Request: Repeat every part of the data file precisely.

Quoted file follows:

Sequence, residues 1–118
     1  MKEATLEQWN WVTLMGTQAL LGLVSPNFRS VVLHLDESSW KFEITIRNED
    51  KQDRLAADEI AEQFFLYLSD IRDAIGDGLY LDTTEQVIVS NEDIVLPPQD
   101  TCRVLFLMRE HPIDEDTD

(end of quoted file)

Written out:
Sequence, residues 1–118
     1  MKEATLEQWN WVTLMGTQAL LGLVSPNFRS VVLHLDESSW KFEITIRNED
    51  KQDRLAADEI AEQFFLYLSD IRDAIGDGLY LDTTEQVIVS NEDIVLPPQD
   101  TCRVLFLMRE HPIDEDTD